There was a little bit of wind each day, so there wasn't a constant speed that I could peg as the "magic number," but get into a rhythm and comfortable on the drops and whoosh the thing is just a freakin' breeze.
I would imagine that to be the case on lots of high end TT bikes with equal parts and good fit, but it's just been a while since I have forced myself into that position, and I have never come close to that feeling on other TT rigs even with much higher conditioning (and much lower age).
I can say that the Kalibur is a very comfortable bike to be on when you know that you're going to set your oven to "broil" and hammer at threshold. TT bikes usually have vibration damping as just about the last priority on the block, right after weight.
Not so the Kalibur, as even with the more vertical seat tube and fairly straightforward geometry, it was like scooting down a rubberized road. That was no doubt aided by Easton's little carbon wing pad platforms, as I got almost no vibration or jarring into my arms.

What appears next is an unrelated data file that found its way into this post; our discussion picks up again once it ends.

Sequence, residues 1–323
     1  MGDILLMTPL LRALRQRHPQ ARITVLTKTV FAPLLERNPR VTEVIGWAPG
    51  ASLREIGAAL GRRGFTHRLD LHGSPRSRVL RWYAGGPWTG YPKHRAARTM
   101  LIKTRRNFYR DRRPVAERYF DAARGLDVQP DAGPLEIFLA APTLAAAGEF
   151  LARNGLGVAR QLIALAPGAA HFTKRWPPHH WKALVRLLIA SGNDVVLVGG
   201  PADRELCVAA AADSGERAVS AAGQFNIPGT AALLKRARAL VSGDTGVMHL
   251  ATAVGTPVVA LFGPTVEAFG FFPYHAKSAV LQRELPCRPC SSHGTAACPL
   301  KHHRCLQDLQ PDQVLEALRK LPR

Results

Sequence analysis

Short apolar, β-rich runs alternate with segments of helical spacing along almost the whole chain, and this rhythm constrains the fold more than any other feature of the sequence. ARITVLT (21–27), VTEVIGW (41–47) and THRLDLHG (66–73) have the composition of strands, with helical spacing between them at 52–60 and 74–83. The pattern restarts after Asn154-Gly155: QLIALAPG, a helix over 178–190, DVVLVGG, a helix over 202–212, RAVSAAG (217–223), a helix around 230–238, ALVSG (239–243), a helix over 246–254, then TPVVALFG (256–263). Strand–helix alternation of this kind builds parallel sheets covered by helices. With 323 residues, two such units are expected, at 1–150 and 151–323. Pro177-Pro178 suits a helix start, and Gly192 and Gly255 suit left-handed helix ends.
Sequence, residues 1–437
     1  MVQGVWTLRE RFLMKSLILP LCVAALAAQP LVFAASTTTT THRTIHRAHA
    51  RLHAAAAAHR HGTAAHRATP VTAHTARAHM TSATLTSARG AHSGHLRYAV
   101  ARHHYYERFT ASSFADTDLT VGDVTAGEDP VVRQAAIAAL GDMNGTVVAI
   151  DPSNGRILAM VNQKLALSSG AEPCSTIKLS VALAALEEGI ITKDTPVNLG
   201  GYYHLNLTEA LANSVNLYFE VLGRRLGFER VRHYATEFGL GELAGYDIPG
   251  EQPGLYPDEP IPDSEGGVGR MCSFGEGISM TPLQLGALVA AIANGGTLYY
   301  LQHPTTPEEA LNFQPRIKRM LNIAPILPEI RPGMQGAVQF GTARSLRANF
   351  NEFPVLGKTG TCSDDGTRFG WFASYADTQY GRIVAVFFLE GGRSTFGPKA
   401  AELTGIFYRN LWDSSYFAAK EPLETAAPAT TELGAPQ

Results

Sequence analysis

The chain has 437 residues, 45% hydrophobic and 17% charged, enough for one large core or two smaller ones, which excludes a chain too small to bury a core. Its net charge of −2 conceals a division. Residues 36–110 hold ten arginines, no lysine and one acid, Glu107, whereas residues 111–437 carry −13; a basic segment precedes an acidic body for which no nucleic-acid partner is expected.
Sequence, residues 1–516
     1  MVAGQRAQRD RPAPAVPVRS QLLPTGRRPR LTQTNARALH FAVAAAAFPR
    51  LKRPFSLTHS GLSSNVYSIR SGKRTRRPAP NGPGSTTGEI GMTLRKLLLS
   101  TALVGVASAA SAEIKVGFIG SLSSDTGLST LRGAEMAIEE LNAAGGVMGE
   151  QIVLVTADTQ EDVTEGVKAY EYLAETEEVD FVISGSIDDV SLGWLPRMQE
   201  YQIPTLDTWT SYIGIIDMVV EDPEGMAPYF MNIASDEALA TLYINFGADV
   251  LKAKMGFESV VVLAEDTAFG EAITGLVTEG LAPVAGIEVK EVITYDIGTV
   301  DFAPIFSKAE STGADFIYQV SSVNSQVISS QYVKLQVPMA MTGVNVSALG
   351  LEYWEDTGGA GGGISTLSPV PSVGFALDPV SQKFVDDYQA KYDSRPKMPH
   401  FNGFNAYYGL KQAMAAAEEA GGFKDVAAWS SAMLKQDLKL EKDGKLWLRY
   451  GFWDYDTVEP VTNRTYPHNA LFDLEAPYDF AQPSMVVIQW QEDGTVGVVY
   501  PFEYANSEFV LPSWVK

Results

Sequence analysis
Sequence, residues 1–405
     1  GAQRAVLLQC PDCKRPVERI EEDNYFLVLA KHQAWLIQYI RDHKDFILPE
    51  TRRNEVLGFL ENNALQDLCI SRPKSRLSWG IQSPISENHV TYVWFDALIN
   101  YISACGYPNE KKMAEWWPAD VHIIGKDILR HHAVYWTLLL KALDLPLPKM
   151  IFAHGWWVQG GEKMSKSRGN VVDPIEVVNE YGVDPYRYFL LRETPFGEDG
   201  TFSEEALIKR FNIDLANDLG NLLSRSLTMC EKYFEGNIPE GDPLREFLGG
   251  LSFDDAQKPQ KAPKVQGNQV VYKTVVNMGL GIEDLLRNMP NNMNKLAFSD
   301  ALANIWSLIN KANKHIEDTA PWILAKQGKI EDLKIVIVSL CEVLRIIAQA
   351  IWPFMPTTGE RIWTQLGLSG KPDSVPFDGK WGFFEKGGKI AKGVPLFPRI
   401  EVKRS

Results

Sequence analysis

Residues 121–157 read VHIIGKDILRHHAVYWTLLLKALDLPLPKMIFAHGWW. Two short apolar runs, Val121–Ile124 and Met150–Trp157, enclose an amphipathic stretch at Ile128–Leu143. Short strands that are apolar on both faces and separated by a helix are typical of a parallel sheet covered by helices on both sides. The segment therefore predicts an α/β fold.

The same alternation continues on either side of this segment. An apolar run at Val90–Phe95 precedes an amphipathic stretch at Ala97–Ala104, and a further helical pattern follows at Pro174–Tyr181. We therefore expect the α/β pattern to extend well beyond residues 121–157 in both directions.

The stiffness is good on acceleration and that's aided by the low weight (and way high end wheels). The front end isn't the stiffest around on hard "out of the start house" charges, but there is a trade off to be had for very good overall comfort. And it is a very good climber for a TT bike (again helped by the weight).
I thought handling on the Kalibur would be its downfall. While it's not its strongest point, the Kalibur is on par with other TT bikes (which is to say that no pure TT bike handles very well compared to anything but another TT bike). It sounds like a knock but it isn't.
Where the Kalibur sings is at speed and that's where these bikes make their living. It stays very stable despite its low weight and I think the slightly flexy front makes for a little less twitchy handling as well.